YEAR AVG SAL/YR AVG YRS # 1998 $4,427,976 3.06 35 1999 $3,561,905 2.50 14 2000 $6,601,587 3.00 21 2001 $6,038,810 2.85 20 2002 $5,681,250 2.44 16 2003 $4,590,947 2.39 28 2004 $4,933,160 2.46 24 ======== ====== ==== $5,076,568 2.70 158
There have been 24 high-profile position player deals so far, which is more than most previous years, and Carlos Beltran, Carlos Delgado and probably several other guys haven’t signed yet. But the total dollars per year ($4.9M) are still significantly below some previous highs. In fact, the average payment per year this year is about equal to the overall average ($5.1M).
The difference in free agent position players this year doesn’t appear to be happening at the high end of the spectrum. For example, Adrian Beltre just received $64M for five years; last year, Vladimir Guerrero received $70 million for five. When you look at the data, you see that the real difference is at the lower end. So-so players seem to be getting better deals.
Last year, Vinny Castilla received a one-year deal for $2.1M. This year, he got two years for $3.1M a year. Cristian Guzman, Mike Matheny, Omar Vizquel, etc. etc. seem to be outweighing last year’s Fernando Vinas and Scott Spiezios. Also, two-year contracts seem to be a bit more in vogue this year (witness Juan Castro and Mike Redmond in Minnesota, or Henry Blanco with the Cubs).
It’s still too early to make a call, and this analysis doesn’t include an assessment of the supply of free agent players (there do seem to be more marquee players available this year than last year). But the early returns indicate that teams are indeed spending more money on position players at the lower end of the “regular player” spectrum.
Now here’s a look at the pitchers (note: I didn’t include the Matt Clement, Carl Pavano and Jaret Wright deals, because they haven’t yet been officially announced):
YEAR AVG SAL/YR AVG YRS # 1998 $4,438,426 2.78 18 1999 $3,998,485 2.27 22 2000 $4,896,635 2.92 26 2001 $5,379,861 2.72 18 2002 $5,088,531 1.94 17 2003 $4,507,887 2.14 28 2004 $5,690,104 2.31 16 ======== ====== === TOTAL $4,798,454 2.45 145
This table tells an entirely different story. So far, high-profile pitchers are making more per year ($5.6 million) than in any previous year. Last year, only five pitchers signed a deal worth $7 million or more per year (Colon, Millwood, Pettitte, Maddux and Ponson) and there was also the Roger Clemens discount ($5 million!!!).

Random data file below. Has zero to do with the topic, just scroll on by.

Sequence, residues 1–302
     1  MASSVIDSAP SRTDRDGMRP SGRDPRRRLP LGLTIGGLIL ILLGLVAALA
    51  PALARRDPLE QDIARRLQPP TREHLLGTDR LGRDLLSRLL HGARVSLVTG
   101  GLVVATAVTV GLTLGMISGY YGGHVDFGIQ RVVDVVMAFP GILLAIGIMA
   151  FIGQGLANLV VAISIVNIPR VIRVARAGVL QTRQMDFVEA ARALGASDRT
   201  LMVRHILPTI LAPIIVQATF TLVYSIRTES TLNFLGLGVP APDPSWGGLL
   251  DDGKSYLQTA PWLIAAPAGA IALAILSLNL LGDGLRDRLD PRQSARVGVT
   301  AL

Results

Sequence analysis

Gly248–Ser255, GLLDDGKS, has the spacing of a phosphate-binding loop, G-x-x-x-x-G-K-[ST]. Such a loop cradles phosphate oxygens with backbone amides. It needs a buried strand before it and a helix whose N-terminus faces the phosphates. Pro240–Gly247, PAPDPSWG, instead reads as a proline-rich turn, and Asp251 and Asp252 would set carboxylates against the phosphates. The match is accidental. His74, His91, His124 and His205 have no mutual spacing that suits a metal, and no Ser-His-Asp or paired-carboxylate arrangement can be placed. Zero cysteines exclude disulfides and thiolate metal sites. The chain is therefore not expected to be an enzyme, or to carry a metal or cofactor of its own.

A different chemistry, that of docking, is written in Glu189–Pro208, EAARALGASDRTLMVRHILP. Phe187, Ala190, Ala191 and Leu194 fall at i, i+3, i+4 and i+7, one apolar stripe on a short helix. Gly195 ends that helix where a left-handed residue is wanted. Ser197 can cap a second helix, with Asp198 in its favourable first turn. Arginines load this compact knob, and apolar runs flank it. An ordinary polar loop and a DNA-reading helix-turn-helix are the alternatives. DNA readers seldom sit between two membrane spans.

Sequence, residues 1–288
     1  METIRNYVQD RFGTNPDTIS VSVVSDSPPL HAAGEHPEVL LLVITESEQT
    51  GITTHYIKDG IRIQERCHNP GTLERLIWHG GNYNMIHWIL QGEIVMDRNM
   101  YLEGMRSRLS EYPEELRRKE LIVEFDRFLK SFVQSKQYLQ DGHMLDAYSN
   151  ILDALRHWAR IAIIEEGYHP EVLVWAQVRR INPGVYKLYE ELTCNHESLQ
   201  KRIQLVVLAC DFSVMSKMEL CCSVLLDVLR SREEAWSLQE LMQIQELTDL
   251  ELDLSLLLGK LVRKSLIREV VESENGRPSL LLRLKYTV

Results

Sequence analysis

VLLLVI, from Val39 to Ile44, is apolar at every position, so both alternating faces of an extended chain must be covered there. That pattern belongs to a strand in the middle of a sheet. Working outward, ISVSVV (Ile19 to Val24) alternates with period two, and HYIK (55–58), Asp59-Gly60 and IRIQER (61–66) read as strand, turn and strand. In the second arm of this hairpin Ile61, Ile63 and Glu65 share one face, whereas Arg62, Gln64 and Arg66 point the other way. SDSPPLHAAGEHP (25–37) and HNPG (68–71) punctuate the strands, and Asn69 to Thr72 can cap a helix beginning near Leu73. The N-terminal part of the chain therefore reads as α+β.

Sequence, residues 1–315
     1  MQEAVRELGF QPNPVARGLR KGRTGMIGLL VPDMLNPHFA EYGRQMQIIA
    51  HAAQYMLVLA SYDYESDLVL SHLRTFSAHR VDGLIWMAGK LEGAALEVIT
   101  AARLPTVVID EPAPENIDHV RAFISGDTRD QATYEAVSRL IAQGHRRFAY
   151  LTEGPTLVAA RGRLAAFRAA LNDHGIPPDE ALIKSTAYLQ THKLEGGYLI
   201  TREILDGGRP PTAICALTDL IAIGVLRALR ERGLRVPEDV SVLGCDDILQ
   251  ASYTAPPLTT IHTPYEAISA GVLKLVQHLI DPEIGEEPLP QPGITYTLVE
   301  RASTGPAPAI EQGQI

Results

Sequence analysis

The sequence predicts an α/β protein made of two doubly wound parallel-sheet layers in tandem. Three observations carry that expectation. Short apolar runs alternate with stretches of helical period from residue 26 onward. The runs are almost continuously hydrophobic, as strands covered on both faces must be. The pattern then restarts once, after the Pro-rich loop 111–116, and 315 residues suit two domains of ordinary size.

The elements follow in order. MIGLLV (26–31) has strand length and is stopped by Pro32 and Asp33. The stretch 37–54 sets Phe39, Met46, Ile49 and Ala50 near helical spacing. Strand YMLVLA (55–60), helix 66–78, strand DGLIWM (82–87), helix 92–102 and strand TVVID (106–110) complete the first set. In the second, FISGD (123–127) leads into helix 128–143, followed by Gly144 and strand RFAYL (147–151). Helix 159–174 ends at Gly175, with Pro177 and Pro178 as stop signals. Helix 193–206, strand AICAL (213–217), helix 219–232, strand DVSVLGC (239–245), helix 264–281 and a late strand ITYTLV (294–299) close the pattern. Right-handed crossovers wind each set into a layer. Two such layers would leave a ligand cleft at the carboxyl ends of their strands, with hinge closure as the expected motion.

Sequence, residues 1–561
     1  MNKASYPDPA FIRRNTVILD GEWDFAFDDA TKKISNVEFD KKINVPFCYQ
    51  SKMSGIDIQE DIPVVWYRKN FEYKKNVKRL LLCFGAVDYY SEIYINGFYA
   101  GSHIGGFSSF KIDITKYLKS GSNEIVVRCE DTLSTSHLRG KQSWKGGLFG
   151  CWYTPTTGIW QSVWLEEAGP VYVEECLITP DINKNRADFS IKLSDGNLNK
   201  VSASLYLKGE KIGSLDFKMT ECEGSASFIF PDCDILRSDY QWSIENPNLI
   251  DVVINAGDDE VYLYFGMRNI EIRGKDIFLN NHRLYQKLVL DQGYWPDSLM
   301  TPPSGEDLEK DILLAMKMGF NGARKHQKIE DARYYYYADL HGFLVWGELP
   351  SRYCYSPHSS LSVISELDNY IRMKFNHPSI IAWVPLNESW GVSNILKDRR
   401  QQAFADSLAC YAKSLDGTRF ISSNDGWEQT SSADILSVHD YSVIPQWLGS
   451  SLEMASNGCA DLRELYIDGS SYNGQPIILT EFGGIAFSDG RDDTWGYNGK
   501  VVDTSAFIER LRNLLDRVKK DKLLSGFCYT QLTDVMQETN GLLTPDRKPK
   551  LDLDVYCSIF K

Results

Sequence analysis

This year, $7 million seems to be the going rate for a good major league starter. Seven pitchers have already signed deals for $7 million a year or more (not including Clement, Pavano or Wright) and several pitchers — Morris, Wells and Williams — have deals with playing time incentives that will get them to the $7 million mark if they stay healthy.
By comparison, Wells signed a one-year deal with the Padres last year for $1.25 million. In 2001, he signed a two-year deal with the Yankees for $3.25 million a year. This year, he got a minimum of $4 million a year, for two years, with that $7 million upside.
Last year, Benitez signed a one-year deal for $3.5 million. This year, it’s $7.2 million a year for three years. Last year, Cory Lidle signed a one-year deal for $2.75 million. This year, he’s at $3.2 million per year for two years.
As I said before, it’s still early. And maybe there are more good pitchers available this year than in past years. But the market for pitchers does seem to be up, and it seems to be up for all pitchers — starters, relievers, frontline and mid-rotation. So perhaps my good buddy Rob and I are both right; maybe there’s just more money being spent AND maybe teams are overvaluing pitchers. Can’t wait to discuss this with him over a couple of beers…
References & Resources
Leone for Third has a very nice analysis of the free agent contracts, in which he includes the quality of the free agents and some illustrative graphs. Nice job.